Looking back, that would probably have been more reassuring to my colleagues than pretending I was coping with a completely unreasonable workload. I was setting an example but it was unfair to expect anyone to follow it. But I remained determined to keep all the plates spinning – and I did a pretty good job of doing it and looking like I was coping. I was in full martyr teacher mode and everyone around me praised me for my hard work so I didn’t question it.
Even when I called in sick to spend two days sleeping, I just told work it was a stomach bug and returned to my old routine once I was back. Even when I was crying as I drove to work, partly because of the stress and partly down to exhaustion, I didn’t think there was a problem with what I was doing, I just berated myself for not coping better. Reflecting on this now, it is no wonder I was ready to walk away from the profession by the end of the school year.
The problem is that we still celebrate martyr teachers; it’s the most damaging narrative in our profession. You see them in films and read about them literature: from Miss Honey to John Keating. They’re the teachers who sacrifice everything for their work. We are surrounded by the message that to be a good teacher, to truly make a difference, you must sacrifice your evenings, your weekends, your holidays, your time with your family and friends along with any hobbies or interests. And all for an average salary of £24,525.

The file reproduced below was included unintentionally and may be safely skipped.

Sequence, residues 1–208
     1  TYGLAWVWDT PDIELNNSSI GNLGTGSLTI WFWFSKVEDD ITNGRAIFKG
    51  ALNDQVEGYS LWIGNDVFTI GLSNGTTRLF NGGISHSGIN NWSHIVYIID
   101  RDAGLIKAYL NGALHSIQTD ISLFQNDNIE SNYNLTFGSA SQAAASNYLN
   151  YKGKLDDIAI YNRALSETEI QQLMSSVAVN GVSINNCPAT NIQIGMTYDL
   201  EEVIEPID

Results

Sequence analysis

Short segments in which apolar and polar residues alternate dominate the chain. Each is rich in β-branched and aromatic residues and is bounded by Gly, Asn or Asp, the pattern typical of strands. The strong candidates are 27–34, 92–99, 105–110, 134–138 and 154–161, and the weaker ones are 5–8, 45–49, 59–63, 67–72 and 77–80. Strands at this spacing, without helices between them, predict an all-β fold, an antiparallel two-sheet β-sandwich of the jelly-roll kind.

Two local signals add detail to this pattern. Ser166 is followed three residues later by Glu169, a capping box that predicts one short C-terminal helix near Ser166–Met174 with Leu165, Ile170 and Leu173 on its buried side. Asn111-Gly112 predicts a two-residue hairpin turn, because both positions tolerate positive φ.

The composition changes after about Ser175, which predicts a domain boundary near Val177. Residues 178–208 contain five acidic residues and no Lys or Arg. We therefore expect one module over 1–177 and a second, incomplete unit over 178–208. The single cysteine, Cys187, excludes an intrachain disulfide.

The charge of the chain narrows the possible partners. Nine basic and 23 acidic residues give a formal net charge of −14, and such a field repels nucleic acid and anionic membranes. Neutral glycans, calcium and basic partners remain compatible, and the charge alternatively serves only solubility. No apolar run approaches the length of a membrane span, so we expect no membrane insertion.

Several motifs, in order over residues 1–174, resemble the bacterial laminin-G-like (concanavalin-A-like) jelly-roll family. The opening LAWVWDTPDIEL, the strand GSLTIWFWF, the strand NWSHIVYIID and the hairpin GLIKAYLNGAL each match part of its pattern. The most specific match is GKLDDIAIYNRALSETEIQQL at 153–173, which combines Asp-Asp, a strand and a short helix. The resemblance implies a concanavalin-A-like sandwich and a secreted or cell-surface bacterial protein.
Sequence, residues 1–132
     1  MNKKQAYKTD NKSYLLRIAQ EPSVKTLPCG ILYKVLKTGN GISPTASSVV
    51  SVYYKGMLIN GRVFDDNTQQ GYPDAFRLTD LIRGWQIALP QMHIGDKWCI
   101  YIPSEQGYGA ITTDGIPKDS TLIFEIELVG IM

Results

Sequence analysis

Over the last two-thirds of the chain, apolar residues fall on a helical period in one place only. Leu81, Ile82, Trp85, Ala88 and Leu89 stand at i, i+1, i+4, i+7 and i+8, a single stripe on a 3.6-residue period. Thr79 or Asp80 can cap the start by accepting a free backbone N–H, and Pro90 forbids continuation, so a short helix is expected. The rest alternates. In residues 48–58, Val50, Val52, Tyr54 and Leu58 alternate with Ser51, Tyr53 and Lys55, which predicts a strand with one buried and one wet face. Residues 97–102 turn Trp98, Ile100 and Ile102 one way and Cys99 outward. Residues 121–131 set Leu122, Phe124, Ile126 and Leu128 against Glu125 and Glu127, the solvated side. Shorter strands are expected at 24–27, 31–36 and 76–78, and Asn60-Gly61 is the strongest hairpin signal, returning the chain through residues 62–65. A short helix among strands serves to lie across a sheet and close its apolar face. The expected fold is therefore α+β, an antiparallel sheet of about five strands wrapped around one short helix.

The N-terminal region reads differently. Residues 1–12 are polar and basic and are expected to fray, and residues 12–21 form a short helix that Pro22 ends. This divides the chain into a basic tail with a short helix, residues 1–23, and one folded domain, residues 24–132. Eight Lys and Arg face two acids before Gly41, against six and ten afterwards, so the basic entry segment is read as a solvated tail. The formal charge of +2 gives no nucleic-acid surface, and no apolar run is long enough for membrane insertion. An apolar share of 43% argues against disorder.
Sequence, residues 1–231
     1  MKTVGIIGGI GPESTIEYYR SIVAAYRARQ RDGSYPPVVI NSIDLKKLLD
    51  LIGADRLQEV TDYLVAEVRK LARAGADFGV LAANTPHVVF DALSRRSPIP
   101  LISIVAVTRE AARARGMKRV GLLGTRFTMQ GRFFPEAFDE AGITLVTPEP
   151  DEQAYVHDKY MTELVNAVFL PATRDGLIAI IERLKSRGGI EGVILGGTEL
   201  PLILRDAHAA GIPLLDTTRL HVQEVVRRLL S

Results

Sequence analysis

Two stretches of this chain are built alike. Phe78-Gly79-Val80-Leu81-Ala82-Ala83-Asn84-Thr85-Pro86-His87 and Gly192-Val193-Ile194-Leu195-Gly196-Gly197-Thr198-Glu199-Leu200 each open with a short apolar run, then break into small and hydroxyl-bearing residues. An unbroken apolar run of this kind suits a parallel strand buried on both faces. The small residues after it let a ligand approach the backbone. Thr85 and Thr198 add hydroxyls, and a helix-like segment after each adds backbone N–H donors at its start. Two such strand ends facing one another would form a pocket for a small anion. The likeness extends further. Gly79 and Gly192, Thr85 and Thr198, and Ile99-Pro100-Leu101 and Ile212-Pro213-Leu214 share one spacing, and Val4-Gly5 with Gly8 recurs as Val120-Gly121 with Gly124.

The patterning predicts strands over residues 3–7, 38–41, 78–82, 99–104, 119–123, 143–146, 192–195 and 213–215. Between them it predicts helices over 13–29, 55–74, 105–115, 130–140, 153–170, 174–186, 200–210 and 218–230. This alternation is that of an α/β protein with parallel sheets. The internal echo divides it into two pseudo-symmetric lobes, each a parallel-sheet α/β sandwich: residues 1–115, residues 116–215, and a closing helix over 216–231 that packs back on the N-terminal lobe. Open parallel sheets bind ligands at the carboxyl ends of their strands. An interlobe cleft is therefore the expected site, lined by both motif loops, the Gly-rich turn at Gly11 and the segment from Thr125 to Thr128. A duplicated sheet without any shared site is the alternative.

15 months away from education gave me some much needed perspective. When I started toying with the idea of coming back I promised myself I could only do so on the understanding that my job would never be more important than my health or overall quality of life. I still work hard: on average 50-55 hours a week – but I don’t take any work home (apart from report writing.) My weekends are my own and I use my evenings to write, exercise and see friends. It’s not that I’m working less, I’m just working more effectively, learning when enough is enough and saying no more often.
It’s very easy for me to say, “I used to work too much and now I don’t and now life is much better” but it took retreating from the profession for over a year to realise that this was possible and to understand that leaving at 5pm doesn’t make me a bad teacher, or any less committed to my class. Once I’d accepted this, I then had to find the right school to return to. Last September I still had half a book to write so I wasn’t going to be able to give over my weekends to school work, even if I had wanted to.
I needed a school with a realistic marking policy (no triple marking), a pragmatic approach to monitoring and a leadership team that would encourage teachers to have a life outside of work. The last one is easy: I think every head teacher would say they want their teachers to have hobbies, interests and time with their friends and family but this can sometimes be at odds with their policies and expectations. If we’re going to get rid of the martyr teacher complex from our schools it has to start with the expectations from the leadership.
I used to wear my 70-hour-week as badge of honour: it was worth it just to see the impact I was having and I would glow with pride whenever comments were made about my commitment and dedication. Now, I take pride in turning up on Monday refreshed and full of stories about my weekend to share with my colleagues and class.
I’m no Miss Honey, but that’s OK.